DENVER — A former high school student convicted of first degree murder and other charges for a 2019 shooting attack inside a suburban Denver high school that killed one student and injured eight others is set to be sentenced to mandatory life in prison without parole on Friday.
Devon Erickson was convicted in June of all 46 charges against him, including murder in the death of Kendrick Castillo, an 18-year-old senior hailed as a hero for trying to stop the attack on a classroom at STEM School Highlands Ranch south of Denver. Eight other students were injured.
Prosecutors said Erickson, now 20, partnered with fellow student Alec McKinney in the May 7, 2019, shooting. Since Erickson was 18 and an adult at the time of the shooting, he faces a mandatory life sentence.
McKinney, who was 16 and a juvenile at the time of the shooting, was sentenced to life last year but could become eligible for parole after about 20 years in prison under a program for juvenile offenders.
Friday’s sentencing hearing allows victims and their families to tell the court about what they’ve suffered in the continuing aftermath of the attack.
Erickson and McKinney targeted a classroom of high school students who were sitting in the dark, watching a movie at the end of their senior year. The two entered through separate doors to maximize the number of students they could kill, prosecutors said.
Prosecutors said that Erickson and McKinney concocted a “victim-hero” plan in which McKinney would either kill himself or be killed by Erickson.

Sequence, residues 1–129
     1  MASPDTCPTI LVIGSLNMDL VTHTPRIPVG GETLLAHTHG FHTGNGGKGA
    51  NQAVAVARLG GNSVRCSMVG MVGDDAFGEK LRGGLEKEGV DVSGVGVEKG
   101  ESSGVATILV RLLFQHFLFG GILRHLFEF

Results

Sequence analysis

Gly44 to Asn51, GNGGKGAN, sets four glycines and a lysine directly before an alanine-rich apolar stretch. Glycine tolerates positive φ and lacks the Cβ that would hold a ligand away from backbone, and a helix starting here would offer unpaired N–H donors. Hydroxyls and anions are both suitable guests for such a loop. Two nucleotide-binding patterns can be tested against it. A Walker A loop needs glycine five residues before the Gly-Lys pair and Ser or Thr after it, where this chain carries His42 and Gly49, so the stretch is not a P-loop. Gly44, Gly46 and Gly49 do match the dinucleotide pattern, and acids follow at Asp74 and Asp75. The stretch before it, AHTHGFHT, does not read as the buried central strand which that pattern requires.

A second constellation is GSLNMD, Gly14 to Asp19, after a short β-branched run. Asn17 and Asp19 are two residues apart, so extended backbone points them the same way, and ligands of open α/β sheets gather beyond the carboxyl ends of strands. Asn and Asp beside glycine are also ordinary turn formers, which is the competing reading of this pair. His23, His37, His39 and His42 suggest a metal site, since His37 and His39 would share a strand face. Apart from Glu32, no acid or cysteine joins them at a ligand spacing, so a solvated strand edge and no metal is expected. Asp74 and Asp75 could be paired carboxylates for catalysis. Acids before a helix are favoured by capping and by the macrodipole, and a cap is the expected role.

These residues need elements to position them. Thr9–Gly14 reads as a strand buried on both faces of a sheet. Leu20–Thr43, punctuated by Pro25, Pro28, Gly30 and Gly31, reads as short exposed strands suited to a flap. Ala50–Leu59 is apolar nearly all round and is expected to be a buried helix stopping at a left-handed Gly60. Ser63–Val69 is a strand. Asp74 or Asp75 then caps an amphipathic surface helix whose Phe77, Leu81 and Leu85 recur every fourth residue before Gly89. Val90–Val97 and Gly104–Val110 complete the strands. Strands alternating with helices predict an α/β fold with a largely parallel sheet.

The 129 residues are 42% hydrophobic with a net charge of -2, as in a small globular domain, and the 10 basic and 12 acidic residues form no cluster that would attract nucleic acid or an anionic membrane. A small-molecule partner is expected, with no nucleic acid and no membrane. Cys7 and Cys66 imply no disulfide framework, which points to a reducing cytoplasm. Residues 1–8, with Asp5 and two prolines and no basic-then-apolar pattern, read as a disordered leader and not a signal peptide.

The shootings stopped when Castillo and two other students, Joshua Jones and Brendan Bialy, charged Erickson, whose gun jammed after he fired four times. McKinney was apprehended by a school security guard.
Defense attorneys argued that Erickson was pressured into participating by McKinney, who testified against Erickson after pleading guilty last year. The defense also suggested that Castillo was accidentally shot as he pushed Erickson against a wall.
Despite the mandatory life term for Erickson, prosecutors asked that a report be prepared that recommends the sentence and summarizes the evidence presented at trial. That information could help deter a future governor who might possibly consider clemency for Erickson, according to District Attorney John Kellner.
After the shooting, McKinney told investigators that he planned the attack for weeks and intended to target classmates who repeatedly mocked him because he was transgender, according to court documents.
At his sentencing hearing last year, McKinney said he did not want leniency and urged anyone planning a school shooting to get help. But he also suggested the shooting was Erickson’s idea.